Dr. Tim Flanigan reflects on experiences treating AIDS and Ebola patients
Dr. Timothy Flanigan works in a field that brings him so close to human suffering that, as he puts it, it’s “cheek to jowl.”
As a Brown Medical School professor with a specialty in infectious diseases, Dr. Flanigan has spent much of his career working with HIV patients and, more recently, Ebola patients in Liberia. Besides his medical career, Dr. Flanigan is also the father of five children and a Catholic deacon in Tiverton, Rhode Island.
“It is very interesting. Being a Catholic deacon has made it easier for me,” said Dr. Flanigan. “My role is to be supportive of my patients. It’s not to evangelize them, but to help them realize that faith can be a help to them.”
Dr. Flanigan came to Brown Medical School in 1991 to help establish a network of primary care for HIV-infected individuals with a particular focus on women, substance abusers and individuals leaving prison. He developed the HIV Core Program at the State Prison to provide care for HIV-infected individuals and link them to community based resources upon release.
Dr. Flanigan has worked on two special projects of national significance funded by HRSA to develop combined therapy for opiate addiction and HIV, as well as a model program of linkage to care for HIV-positive persons leaving jail. He is also associate director of The Miriam/Brown Fogarty Program, which trains and mentors overseas investigators in HIV/AIDS.
According to medical articles on the subject of faith and medicine, patients like it when their faith is recognized and supported by doctors and hospitals. Yet most medical schools do not speak to this subject.
“In a formal way, at medical school, you can talk about everything, but just don’t mention God or prayer. Faculty gets very nervous when these subjects come up,” he said.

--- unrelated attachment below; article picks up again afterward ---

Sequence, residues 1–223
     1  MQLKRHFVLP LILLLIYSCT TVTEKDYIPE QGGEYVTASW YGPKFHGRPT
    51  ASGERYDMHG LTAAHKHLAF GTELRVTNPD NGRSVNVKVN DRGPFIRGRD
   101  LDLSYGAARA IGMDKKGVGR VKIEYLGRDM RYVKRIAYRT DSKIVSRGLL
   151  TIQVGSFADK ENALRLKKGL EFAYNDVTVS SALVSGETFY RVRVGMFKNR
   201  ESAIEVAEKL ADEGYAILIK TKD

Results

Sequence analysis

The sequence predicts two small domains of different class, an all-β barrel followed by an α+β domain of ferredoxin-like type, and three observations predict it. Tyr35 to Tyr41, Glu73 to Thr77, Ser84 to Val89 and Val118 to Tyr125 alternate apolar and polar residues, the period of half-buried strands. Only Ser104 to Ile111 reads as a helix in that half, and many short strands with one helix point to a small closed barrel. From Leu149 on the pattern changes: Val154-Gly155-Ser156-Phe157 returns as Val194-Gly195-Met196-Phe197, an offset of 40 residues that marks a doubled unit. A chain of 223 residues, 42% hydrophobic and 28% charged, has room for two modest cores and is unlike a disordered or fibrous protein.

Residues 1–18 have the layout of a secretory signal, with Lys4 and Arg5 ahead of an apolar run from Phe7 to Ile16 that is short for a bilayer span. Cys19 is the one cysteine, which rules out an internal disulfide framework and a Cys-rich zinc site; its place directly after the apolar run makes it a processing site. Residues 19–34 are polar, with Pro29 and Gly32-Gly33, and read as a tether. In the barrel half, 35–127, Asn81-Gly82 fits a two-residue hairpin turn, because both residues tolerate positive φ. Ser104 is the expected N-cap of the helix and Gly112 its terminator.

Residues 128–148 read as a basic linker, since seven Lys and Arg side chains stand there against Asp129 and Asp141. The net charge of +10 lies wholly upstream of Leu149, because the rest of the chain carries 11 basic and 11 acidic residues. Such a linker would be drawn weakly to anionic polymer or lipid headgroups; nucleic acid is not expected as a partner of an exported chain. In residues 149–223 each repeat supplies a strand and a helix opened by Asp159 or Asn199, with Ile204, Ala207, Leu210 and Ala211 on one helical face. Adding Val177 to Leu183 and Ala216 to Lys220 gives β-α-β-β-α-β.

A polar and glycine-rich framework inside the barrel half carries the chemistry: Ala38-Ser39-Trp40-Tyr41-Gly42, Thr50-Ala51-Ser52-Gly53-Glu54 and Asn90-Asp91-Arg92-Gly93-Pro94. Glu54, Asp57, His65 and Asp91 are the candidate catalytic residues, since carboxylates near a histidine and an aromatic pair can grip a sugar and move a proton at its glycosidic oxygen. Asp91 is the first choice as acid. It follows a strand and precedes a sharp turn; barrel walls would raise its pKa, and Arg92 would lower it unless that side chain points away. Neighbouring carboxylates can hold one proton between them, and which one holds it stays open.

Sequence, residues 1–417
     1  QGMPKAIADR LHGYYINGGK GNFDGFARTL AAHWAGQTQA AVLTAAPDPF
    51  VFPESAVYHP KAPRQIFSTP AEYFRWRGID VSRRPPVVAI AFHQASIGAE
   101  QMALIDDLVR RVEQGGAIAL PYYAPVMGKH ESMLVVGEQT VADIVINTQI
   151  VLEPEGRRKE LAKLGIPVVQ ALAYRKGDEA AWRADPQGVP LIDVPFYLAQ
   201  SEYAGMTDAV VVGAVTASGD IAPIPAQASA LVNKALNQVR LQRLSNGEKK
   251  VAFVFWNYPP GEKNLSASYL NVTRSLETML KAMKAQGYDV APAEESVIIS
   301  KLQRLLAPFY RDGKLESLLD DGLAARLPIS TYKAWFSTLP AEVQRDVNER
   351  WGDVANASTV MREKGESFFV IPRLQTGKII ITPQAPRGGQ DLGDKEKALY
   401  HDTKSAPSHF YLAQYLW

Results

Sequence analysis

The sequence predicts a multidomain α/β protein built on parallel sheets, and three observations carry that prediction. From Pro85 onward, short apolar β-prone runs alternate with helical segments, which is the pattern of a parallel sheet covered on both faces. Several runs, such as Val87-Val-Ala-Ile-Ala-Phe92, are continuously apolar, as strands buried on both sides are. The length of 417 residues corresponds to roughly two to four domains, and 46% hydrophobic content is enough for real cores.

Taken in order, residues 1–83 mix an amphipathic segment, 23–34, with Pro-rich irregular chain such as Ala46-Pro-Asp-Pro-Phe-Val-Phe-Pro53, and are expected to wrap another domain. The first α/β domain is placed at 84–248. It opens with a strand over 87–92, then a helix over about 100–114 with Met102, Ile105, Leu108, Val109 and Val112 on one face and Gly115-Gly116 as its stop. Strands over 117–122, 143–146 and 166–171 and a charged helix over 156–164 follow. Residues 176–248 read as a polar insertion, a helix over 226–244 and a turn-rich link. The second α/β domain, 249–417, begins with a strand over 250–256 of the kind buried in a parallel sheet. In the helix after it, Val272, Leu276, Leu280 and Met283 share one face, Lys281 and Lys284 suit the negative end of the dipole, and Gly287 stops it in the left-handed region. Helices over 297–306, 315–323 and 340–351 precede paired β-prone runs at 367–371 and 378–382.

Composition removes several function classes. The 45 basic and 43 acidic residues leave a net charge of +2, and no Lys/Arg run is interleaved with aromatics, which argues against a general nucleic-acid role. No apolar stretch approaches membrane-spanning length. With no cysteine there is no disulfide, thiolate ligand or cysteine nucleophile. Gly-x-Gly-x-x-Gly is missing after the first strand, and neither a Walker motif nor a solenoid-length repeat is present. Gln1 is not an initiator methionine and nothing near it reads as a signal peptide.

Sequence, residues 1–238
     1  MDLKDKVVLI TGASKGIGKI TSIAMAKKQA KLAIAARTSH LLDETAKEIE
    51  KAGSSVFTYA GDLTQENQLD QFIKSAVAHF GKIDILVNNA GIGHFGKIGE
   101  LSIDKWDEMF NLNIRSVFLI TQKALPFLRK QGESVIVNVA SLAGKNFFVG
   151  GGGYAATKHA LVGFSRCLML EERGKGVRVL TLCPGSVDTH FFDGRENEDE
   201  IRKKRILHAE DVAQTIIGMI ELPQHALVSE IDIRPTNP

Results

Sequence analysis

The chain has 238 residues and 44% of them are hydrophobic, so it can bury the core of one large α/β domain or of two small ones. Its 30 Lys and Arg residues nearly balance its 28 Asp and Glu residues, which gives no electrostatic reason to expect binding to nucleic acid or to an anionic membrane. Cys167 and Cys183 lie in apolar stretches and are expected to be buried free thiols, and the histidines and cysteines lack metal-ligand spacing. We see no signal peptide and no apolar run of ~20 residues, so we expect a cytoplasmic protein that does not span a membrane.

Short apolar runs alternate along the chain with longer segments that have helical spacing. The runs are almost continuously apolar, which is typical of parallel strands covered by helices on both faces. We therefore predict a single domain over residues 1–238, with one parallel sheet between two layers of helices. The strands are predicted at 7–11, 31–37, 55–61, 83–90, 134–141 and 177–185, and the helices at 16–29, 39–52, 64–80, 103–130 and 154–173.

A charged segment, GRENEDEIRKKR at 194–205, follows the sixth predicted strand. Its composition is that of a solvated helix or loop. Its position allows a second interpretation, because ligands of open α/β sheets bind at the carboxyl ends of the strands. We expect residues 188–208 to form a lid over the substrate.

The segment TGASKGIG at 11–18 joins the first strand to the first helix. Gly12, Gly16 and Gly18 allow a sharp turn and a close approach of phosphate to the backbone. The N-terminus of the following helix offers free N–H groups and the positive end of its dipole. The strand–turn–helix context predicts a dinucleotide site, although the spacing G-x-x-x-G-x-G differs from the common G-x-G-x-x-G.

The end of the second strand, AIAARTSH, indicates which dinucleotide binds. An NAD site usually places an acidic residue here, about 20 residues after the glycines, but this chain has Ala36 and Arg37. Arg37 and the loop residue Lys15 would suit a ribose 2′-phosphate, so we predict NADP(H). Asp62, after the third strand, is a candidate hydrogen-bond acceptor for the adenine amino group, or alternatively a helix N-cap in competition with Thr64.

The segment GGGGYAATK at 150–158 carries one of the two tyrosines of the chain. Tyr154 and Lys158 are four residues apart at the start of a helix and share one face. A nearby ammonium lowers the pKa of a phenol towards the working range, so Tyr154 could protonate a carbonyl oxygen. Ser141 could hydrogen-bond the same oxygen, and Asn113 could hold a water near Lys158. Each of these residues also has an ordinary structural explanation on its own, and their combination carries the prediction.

“The push in medical school is to describe everything in terms of our biological processes,” he said. “But we are so much more than flesh and blood. The temptation is to see everything as a biological construct: that all of reality is a series of neurological synapses. This is so sad. Most physicians who are far along in their careers see how much we don’t know.”
Though medical schools may not be comfortable on the subject of faith, Dr. Flanigan has no problem speaking about it.
“I am very open about the fact that I am a Catholic deacon. I always suggest to my patients that they dig deeper into their own faith—whatever that may be,” he said. “No one has ever been offended. I always try to approach my patients in an open-ended and non-judgmental fashion.”
Most of Dr. Flanigan’s patients are Catholic because he is in Rhode Island, one of the country’s most Catholic states. And he gets to see how some of them live their faith, even as they are dying.
“One of my patients has inoperable cancer, which has caused lots of infections. She has a very deep faith. She tells me that she is here for as long as God wants her here,” he said.
Yet he sometimes meets patients who are alienated from organized religion.